# Example Queries in tuple relational calculas

Posted By on October 4, 2014

Example Queries

example of quries pdf :- quries

For example, to find the branch-name, loan number, customer name and amount for loans over \$1200:

This gives us all attributes, but suppose we only want the customer names. (We would use project in the algebra.)

We need to write an expression for a relation on scheme (cname).

In English, we may read this equation as “the set of all tuples such that there exists a tuple in the relation borrow for which the values of and for the cname attribute are equal, and the value of for the amount attribute is greater than 1200.”

The notation means “there exists a tuple in relation such that predicate is true”.

How did we get the above expression? We needed tuples on scheme cname such that there were tuples in borrow pertaining to that customer name with amount attribute .

The tuples get the scheme cname implicitly as that is the only attribute is mentioned with.

Let’s look at a more complex example.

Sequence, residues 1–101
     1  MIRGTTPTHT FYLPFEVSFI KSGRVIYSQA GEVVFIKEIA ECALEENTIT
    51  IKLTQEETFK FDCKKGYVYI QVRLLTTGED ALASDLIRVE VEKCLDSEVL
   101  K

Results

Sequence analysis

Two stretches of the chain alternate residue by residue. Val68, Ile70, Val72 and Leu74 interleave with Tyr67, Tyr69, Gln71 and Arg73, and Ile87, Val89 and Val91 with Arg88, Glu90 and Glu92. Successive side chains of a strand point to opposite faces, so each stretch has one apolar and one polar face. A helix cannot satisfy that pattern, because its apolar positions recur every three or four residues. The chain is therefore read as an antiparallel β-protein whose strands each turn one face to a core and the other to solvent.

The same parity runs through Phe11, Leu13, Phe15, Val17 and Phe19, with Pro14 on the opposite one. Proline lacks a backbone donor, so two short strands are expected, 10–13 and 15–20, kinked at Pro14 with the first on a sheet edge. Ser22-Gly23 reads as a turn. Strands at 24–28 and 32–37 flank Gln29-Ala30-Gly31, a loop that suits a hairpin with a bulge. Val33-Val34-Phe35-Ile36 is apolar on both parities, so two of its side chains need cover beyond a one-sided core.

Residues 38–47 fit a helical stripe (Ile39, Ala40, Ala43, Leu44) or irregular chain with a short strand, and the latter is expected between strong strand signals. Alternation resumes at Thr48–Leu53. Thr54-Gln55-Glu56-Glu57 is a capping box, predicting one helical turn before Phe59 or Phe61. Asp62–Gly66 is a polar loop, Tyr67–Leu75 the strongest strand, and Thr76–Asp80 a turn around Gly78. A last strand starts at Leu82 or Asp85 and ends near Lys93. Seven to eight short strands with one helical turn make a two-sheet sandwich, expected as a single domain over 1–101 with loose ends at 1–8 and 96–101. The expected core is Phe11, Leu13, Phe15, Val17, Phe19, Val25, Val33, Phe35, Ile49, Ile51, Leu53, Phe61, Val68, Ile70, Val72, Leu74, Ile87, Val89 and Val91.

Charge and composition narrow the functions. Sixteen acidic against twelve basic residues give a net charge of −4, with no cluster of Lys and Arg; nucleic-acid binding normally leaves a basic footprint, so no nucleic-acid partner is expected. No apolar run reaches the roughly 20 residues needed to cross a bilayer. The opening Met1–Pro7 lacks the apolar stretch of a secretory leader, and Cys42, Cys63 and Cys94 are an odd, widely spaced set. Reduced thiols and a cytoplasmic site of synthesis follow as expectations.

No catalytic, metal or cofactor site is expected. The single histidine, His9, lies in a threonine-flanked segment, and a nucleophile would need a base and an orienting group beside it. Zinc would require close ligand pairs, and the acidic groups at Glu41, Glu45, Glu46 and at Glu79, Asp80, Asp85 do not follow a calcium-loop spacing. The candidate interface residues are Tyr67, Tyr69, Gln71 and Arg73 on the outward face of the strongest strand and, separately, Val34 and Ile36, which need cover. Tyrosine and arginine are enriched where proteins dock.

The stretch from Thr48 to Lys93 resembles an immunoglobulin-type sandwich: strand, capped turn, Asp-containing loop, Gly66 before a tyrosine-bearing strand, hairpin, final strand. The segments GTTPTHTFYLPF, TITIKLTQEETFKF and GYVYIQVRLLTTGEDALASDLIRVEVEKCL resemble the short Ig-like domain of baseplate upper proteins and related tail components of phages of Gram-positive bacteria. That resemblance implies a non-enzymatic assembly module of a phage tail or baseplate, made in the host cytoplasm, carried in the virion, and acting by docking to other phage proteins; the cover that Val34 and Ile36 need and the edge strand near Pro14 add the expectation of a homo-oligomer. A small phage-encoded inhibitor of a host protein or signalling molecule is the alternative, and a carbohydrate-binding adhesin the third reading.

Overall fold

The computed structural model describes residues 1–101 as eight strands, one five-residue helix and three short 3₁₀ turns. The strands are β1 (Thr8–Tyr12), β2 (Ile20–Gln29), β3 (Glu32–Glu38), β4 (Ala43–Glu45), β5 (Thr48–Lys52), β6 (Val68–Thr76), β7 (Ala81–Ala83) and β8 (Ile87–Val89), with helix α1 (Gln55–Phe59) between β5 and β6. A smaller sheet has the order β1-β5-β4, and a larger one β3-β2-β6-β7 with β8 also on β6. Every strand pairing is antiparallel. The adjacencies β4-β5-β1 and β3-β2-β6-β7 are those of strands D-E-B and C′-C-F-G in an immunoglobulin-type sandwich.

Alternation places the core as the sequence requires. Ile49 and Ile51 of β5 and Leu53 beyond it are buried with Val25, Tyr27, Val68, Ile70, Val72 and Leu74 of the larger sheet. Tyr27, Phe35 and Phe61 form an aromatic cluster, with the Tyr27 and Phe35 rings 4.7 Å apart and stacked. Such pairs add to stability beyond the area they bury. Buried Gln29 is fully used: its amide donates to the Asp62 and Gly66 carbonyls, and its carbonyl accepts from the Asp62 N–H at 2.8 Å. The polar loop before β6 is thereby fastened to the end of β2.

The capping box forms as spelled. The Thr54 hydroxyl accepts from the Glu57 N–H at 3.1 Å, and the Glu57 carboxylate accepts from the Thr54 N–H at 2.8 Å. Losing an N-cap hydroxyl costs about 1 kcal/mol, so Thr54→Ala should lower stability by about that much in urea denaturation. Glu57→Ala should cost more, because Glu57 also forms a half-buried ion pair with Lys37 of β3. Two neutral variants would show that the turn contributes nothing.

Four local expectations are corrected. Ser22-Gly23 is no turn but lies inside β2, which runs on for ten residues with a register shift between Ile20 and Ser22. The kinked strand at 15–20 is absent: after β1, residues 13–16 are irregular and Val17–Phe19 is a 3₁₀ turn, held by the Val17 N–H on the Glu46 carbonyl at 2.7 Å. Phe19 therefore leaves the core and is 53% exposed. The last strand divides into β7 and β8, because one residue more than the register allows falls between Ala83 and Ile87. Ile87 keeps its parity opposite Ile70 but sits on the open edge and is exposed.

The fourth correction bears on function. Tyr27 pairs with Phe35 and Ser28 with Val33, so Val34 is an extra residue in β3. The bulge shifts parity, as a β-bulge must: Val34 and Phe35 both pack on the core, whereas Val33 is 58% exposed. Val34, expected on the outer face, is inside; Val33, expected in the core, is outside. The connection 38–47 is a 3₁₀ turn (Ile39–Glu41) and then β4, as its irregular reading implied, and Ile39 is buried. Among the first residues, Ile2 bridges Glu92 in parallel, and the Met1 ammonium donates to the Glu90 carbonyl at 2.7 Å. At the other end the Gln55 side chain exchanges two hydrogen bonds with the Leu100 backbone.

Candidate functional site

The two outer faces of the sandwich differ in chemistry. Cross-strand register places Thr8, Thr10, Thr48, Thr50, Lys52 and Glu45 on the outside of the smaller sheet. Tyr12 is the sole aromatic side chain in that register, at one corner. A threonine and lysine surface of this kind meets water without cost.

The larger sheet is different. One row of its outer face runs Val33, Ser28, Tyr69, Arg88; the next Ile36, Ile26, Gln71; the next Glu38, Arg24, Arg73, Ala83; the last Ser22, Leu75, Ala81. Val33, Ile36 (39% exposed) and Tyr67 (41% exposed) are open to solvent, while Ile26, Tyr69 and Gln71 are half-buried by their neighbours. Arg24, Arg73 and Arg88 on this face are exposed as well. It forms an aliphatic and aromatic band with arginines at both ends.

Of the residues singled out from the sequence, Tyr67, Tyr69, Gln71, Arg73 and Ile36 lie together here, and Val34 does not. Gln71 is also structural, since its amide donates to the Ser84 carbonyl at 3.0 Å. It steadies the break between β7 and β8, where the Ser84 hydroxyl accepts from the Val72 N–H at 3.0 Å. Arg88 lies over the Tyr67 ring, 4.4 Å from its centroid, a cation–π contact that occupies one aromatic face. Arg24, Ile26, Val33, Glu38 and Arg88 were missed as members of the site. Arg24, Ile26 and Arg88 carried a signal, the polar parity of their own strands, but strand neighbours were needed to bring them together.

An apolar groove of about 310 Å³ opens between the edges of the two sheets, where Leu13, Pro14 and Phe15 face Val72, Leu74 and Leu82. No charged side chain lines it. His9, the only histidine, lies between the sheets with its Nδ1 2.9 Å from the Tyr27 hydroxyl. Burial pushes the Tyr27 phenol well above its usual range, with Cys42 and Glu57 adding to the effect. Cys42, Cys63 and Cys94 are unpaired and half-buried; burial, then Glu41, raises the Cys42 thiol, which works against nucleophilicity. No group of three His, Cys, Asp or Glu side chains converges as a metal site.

Find all customers having a loan from the SFU branch, and the the cities in which they live:

In English, we might read this as “the set of all (cname,ccity) tuples for which cname is a borrower at the SFU branch, and ccity is the city of cname”.

Tuple variable ensures that the customer is a borrower at the SFU branch.

Tuple variable is restricted to pertain to the same customer as , and also ensures that ccity is the city of the customer.

The logical connectives (AND) and (OR) are allowed, as well as (negation).

We also use the existential quantifier and the universal quantifier .

Some more examples:

1. Find all customers having a loan, an account, or both at the SFU branch:

Note the use of the connective.
As usual, set operations remove all duplicates.

2. Find all customers who have both a loan and an account at the SFU branch.

Solution: simply change the connective in 1 to a .

3. Find customers who have an account, but not a loan at the SFU branch.

4. Find all customers who have an account at all branches located in Brooklyn. (We used division in relational algebra.)

For this example we will use implication, denoted by a pointing finger in the text, but by here.

The formula means implies , or, if is true, then must be true.

In English: the set of all cname tuples such that for all tuples in the branch relation, if the value of on attribute bcity is Brooklyn, then the customer has an account at the branch whose name appears in the bname attribute of .

Division is difficult to understand. Think it through carefully.

#### Posted by Akash Kurup

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